I staid in Camp two days after the German town action, and lest any Ill impression should get among the Garrison’s at Mud Island and Red Bank and the Vessels and Gallies Stationed there I crossed over to the Jersies at Trenton and went down to those places. I laid the first night on Board the Champion Continental Galley who was Stationed off the Mouth of Schuylkill. The Enemy threw up a two Gun Battery on the point of the Rivers Mouth opposite the Pest House. The next Morning was a thick fog and as soon as it Cleared away and we became visible to each other, they opened on the Galley who returnd the fire. The Commodore made a Signal to bring the Galley under the Jersey shore, as she was not a match for the Battery, nor the Battery an sufficient Object for the Galley. One Shot went thro’ the foresail which was all. At Noon I went with Col. Greene, who commanded at Red Bank, over to fort Mifflin (Mud Island) the Enemy opened that day 2. two Gun Batteries and a Mortar Battery on the fort. They threw about 30 Shells into it that afternoon without doing any damage; the Ground being damp and Spongy not above five or Six Burst, not a Man was killed or wounded. I came away in the Evening laid on board the Galley, and the next day came to Col. Kirkbride, staid a few days, and came again to Camp. An Expedition was on foot the Evening I got there on which I went as Aid de Camp to Genl. Greene having a Volunteer Commission for that purpose. The Occasion was: a Party of the Enemy about 1500 lay over the Schuylkill at Grey’s ferry. Genl. McDougll with his Division was sent to attack them. And Sullivan and Greene with their Divisions were to favor the enterprise by a feint on the City down the German town road. We set off about Nine at Night and halted at day break between German Town and the City the advanced Party at the three Miles Run. As I knew the Ground I went with two light horse to discover the Enemy’s Picket, but the dress of the light horse being white made them, I thought, too visible as it was then twilight, on which I left them with my horse and went on foot till I distinctly saw the Picket at Mr. Dickinsons Place, which is the nearest I have been to Philadelphia since Sept. except once at Coopers ferry as I went to the forts. Genl. Sullivan was at Dr. Redman’s house, and McDougel’s beginning the Attack was to be the Signal for moving down to the City, but the Enemy either on the Approach of McDougle, or on information of it called in their Party, and the Expedition was frustrated. A Cannonade by far the most furious I ever heard, began down the River soon after daylight, the first Gun of which we supposed to be the Signal, but was soon undeceived there being no small Arms. After waiting two hours beyond the Time we marched back. The Cannon was then less frequent, but on the Road between German town and Whitemarsh we were stuned with a Report as loud as a Peal from a hundred Cannon at once, and turning round I saw a thick smoke rising like a Pillar and spreading from the Top like a Tree. This was the blowing up of the Augusta. I did not hear the Explosion of the Merlin.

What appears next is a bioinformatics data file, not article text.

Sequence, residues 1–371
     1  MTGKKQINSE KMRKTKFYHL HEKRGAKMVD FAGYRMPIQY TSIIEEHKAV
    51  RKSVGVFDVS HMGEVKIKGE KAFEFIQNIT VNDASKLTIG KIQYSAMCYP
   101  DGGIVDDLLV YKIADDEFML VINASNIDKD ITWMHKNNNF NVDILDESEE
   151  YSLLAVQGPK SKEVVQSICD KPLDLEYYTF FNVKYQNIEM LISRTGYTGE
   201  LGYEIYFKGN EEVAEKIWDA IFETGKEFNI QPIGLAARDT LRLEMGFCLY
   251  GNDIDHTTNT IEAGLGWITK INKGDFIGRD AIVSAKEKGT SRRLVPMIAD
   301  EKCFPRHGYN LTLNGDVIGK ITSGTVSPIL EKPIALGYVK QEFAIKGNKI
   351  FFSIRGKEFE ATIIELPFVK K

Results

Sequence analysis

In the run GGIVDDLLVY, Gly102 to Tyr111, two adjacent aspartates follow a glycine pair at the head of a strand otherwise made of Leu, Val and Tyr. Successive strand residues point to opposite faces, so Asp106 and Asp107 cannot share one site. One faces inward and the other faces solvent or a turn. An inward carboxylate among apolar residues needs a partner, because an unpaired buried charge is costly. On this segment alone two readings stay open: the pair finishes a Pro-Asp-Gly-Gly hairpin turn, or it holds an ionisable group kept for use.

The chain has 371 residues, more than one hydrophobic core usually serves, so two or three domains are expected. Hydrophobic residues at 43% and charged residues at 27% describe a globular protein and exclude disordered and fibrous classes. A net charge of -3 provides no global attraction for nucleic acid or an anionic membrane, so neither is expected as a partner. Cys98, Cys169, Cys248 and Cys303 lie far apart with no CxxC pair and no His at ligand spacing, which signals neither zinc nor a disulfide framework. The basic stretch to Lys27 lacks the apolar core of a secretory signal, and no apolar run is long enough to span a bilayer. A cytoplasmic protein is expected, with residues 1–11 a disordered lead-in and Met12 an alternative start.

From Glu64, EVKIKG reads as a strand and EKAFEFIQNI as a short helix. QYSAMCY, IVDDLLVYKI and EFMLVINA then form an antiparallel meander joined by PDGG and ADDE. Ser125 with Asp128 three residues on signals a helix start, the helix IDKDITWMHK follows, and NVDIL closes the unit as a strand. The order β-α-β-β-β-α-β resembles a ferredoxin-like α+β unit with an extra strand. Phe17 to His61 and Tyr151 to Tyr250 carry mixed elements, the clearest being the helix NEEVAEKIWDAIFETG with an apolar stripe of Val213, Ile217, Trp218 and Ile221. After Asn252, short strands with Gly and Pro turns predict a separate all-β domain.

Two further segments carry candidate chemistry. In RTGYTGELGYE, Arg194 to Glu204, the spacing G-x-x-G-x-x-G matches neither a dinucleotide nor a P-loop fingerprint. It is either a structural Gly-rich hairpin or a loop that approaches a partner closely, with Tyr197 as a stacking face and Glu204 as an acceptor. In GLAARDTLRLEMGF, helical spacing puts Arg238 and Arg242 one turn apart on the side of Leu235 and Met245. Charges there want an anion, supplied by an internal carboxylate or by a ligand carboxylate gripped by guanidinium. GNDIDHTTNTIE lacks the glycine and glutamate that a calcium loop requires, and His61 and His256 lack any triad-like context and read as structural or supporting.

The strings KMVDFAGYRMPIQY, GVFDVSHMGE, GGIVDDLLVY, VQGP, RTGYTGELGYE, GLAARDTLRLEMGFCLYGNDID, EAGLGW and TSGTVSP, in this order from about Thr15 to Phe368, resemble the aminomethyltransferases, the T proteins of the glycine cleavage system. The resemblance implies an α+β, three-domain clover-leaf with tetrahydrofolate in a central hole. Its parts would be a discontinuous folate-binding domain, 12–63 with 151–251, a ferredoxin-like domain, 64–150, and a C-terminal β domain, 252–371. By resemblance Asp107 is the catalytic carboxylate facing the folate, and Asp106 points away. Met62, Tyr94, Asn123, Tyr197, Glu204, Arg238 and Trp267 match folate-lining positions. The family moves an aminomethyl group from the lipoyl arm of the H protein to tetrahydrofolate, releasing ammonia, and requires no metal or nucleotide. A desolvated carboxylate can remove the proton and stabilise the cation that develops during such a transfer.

After this I returned to Col. Kirkbrides where I staid about a fortnight and set off again for camp. The day after I got there Genls. Greene Wayne and Cadwallader with a Party of light horse were ordered on a Reconnoitering Party towards the forts. We were out four days and Nights without meeting with anything Material. An East Indiaman whom the Enemy had cut down so as to draw but little water came up without guns, while we were on foot on Carpenters Island joining to Province Island, her Guns were brought up in the Evening in a flat. She got in the rear of the Fort where few or no Guns could bear upon her and the next Morning, played on it incessantly. The night following the fort was evacuated. The obstruction the Enemy met with from those forts and the Chevaux de frize was extraordinary and had it not been that the Western Channel deepened by the Current being somewhat obstructed by the Chevaux de frize in the Main River which enabled them to bring up the light Indiaman Battery it is a doubt whether they would have succeeded at last. By that Assistance they reduced the fort, and got sufficient command of the River to move some of the late sunk Chevaux de frize. Soon after this the fort on Red Bank (which had bravely repulsed the Enemy a little time before) was evacuated, the Gallies ordered up to Bristol, and the Captains of such other armed Vessels as thought they could not pass on the eastward side of Windmill Island very precipitately set them on fire. As I judged from this Event that the Enemy would winter in Philadelphia, I began to think of preparing for York Town, which however I was willing to delay hoping that the Ice would afford opportunity for new Manoevres. But the season passed very barrenly away. I staid at Col. Kirkbride’s till the latter end of January. Commodore Haslewood who Commanded the remains of the fleet at Trenton acquainted me with a Scheme of his for burning the Enemy’s Shipping, which was by sending a charged Boat across the River from Coopers ferry by means of a Rocket fixt in its Stern. Considering the width of the River, the Tide, and the variety of Accidents that might change its direction, I thought the project triffling and insufficient and proposed to him, that if he would get a Boat properly charged and take a Batteau in Tow sufficient to bring three or four persons off that I would make one with him and two other Persons, who might be relied on to go down on that business. One of the Company Capt. Blewer of Philadelphia, seconded the proposal, but the Commodore, and, what I was more surprized at, Col. Bradford declined it. The burning of part of the Delaware fleet, the precipitate retreat of the rest, the little service rendered by them and the great expence [?] they were of, make the only material blot in the proceedings of the last Campaign. I felt a strong anxiety for them to recover their Credit, which among others was one motive for my proposal. After this I came to camp and from thence to York Town, and publish’d the Crisis No. 5 To Genl. Howe. I have began No. 6 which I intend to address to Ld. North.